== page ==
• The same Hebrew word is used for both “beating” (what the Egyptian was doing to the Hebrew) and “killed/struck down” (what Moses did to the Egyptian)

              • “In one sense Moses mirrors what the Egyptian was doing to the Hebrew: he strikes. ​​ Yet the outcome of Moses’ action is different, for v. 11 does not indicate that the Egyptian struck dead the Hebrew slave. ​​ Moses, however, kills.” ​​ [Alexander, Apollos Old Testament Commentary, 2, Exodus, 67]

            • Moses knew what he was about to do was wrong, which is why he looked around to make sure no one was watching and then hid the body after the fact

            • Application

              • Scripture does not record Moses’ actions as a model for us to follow when we see injustice – murder is wrong (including premeditated murder)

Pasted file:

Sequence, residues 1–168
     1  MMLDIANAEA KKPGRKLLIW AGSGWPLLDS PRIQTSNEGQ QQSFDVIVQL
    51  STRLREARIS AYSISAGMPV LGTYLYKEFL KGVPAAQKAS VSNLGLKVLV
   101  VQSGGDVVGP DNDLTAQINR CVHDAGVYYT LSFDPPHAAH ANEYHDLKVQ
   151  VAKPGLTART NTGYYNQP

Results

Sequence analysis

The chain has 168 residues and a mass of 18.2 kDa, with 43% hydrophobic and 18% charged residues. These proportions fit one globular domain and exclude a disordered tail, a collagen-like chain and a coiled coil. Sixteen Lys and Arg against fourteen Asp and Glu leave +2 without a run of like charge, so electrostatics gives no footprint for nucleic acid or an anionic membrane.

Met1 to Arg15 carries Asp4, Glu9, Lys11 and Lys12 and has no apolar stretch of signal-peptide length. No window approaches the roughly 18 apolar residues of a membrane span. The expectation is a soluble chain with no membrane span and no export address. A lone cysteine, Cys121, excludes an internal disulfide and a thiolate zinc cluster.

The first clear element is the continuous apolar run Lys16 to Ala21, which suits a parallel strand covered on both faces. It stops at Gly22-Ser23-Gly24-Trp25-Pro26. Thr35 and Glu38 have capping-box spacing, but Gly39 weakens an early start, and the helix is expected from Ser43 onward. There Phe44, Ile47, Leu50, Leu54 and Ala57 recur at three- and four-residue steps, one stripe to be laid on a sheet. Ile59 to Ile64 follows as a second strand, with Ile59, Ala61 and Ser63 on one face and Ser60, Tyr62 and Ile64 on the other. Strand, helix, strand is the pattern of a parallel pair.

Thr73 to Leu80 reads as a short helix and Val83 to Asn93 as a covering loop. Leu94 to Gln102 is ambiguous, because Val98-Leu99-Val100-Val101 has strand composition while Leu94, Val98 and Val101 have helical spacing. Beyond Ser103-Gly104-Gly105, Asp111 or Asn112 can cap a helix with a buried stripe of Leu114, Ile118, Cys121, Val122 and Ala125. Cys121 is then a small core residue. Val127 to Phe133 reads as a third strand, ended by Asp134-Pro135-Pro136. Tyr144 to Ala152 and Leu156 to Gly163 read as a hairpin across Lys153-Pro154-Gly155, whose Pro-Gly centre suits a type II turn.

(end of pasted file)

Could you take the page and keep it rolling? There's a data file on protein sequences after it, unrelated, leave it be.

• PRINCIPLE #1 – God can redeem and use us despite our failures.

                • The failure of Moses did not disqualify him from being used by God to accomplish His plan and purpose

                  • It can be assumed that Moses repented of his sins of murder, anger, and hatred, because God still called him to deliver His people while he was in the desert through the burning bush

                  • God transformed Moses during the 40 years he was in the desert of Midian watching sheep

                • God can redeem and use you despite your failures

                  • I think it’s safe to say that none of us has committed murder

                  • But, I would guess that everyone of us has dealt with anger and hatred